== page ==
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The Gothic: A History

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The Gothic: A History Lasciate ogni speranza, voi ch'entrate! - Dante Just over two hundred years ago, literature was developing at a fantastic rate. Books and magazines had become economically viable for mass-production; a gamut of influences was creating 'reading for leisure'. One of the most popular forms among the public who were reading these books were tales of the macabre. Their sources were many -- collections of folk tales and medieval romances, translations of Eastern legends such as The Arabian Nights, and experiments by contemporary authors such as Ann Radcliffe and Horace Walpole began to create something distinct and new. Even... "novel", because the medium for this type of fiction just had not existed before. This something is still with us, and we even use the name the first critics used to identify it -- gothic. The structure of the gothic tale is simple. Nothing wrong with the formula -- just ask Doctor Jekyll. A character -- whose sensibilities will be sympathetically familiar and contemporary, no matter the actual setting -- is removed by circumstance from the familiar and 'normal' to another, darker realm. The castle; huge, decaying and surrounded by barriers that make escape near impossible, is the classic. An old house or a dark dungeon may replace it, but it is always unmistakable. ...read more.


This can be seen again, when Montoni arrives with Emily in tow inside his carriage after this description, his presence is a signal for the "great gates" to open and admit all to the inner sanctum of what is "his" castle. In Lewis' The Monk, this descent into the den of evil is described similarly when the evil monk Ambrosio is headed to meet his captive and unconscious victim, Antonia. The Monk's 'Emily' is an innocent and sensitive young man named Lorenzo, his Montoni the brilliant and forceful Matilda. There was no real evidence in the novel that Matilda was anything other than she appeared; a human woman possessed of passion, a will that at all times surpasses that of Ambrosio -- even when he is acting the villain in turn to his own victims -- and occult knowledge. To say she is literally a demon sent to seduce Ambrosio from his path to sainthood makes it much easier to write off the gothic as a man dominates -- woman loves it fantasy, but there are many ambiguous ways to look at the situation. When Lewis set out to write this book, he wanted to expand and develop how Radcliffe looked at the characters in Udolpho. Using the somewhat standard gothic structure, Lewis uses sex consistently and well to balance characters and see how one holds power over another. ...read more.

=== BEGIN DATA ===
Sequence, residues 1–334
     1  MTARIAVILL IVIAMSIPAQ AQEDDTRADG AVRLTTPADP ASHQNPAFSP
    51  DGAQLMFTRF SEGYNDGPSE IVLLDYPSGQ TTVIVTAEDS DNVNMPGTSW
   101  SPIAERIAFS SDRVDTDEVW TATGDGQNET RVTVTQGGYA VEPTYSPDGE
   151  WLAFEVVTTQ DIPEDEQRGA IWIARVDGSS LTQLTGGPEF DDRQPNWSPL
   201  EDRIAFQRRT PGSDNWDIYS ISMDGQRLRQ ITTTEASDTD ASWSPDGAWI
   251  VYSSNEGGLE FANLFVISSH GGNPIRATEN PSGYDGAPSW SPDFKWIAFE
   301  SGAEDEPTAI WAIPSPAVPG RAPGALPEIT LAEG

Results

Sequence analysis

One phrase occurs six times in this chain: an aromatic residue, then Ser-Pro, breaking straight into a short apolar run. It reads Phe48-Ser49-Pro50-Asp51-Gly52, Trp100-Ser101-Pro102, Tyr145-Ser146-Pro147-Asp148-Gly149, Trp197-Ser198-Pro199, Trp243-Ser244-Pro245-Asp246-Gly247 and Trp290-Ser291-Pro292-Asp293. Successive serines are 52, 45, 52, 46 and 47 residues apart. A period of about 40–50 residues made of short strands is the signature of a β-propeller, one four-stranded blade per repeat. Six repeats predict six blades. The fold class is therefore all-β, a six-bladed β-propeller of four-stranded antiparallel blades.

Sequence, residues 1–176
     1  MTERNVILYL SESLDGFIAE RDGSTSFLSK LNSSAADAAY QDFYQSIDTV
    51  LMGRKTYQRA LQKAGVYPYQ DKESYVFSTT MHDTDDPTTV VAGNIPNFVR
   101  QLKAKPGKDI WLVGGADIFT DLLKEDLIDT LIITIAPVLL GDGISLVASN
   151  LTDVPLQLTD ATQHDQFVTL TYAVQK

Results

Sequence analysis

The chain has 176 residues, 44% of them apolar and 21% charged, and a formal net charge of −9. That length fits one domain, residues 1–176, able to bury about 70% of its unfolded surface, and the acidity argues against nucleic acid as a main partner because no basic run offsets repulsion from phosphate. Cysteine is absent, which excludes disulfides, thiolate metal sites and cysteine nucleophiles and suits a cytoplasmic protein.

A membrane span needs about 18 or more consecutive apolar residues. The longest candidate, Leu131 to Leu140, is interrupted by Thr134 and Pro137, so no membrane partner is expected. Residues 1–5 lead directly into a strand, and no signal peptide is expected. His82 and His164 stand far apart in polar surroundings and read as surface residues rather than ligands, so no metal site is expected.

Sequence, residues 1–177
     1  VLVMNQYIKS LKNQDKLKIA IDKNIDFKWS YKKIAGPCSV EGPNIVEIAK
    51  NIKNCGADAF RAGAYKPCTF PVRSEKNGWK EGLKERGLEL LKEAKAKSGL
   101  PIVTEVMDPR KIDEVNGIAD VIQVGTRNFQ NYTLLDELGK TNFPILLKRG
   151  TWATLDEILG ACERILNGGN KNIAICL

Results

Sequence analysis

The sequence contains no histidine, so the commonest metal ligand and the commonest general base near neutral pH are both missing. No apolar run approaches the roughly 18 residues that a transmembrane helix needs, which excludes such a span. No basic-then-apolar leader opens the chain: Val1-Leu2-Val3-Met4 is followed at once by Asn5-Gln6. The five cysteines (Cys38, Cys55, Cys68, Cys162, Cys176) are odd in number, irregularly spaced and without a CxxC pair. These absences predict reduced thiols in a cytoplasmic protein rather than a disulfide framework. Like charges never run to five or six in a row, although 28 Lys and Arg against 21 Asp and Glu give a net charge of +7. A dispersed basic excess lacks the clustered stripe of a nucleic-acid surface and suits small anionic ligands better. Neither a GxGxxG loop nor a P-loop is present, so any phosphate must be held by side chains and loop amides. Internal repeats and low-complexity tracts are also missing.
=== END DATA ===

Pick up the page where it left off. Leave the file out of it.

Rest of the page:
Matilda at first seems submissive and acts as Ambrosio's lover, but when his interest in her wanes and he sets his eyes upon another, she begins to change and become more dominant. As she uses her female and then daemonic and magical powers to help Ambrosio along his path to damnation, she becomes increasingly powerful, eventually ordering Ambrosio about like a servant boy while he meekly shuffles about doing as she commands. His purity and piety, once admired by all, are used as tools by him and by Matilda to hold back the realization and belief of what they are doing from the masses. This is paralleled in other novels such as Beckford's Vathek, where the evil Prince, again under the guiding influence of a powerful female, takes advantage of his standing in society to commit atrocities. As with the Mother Superior of the convent, Ambrosio is hiding behind a fa�ade, which eventually falls apart with the Mother Superior's death soon followed by his own. In every gothic novel, evil is a force all its own. There is no blurry moral line about what is evil and what is not, it always appears unadulterated and pure black, sometimes personified, sometimes not, but always strong and corrupting. Satan is often referred to or involved, as the obvious counterpoint to the church and God, although he sometimes already has all the help he needs from the duplicitous clergy. ...read more.

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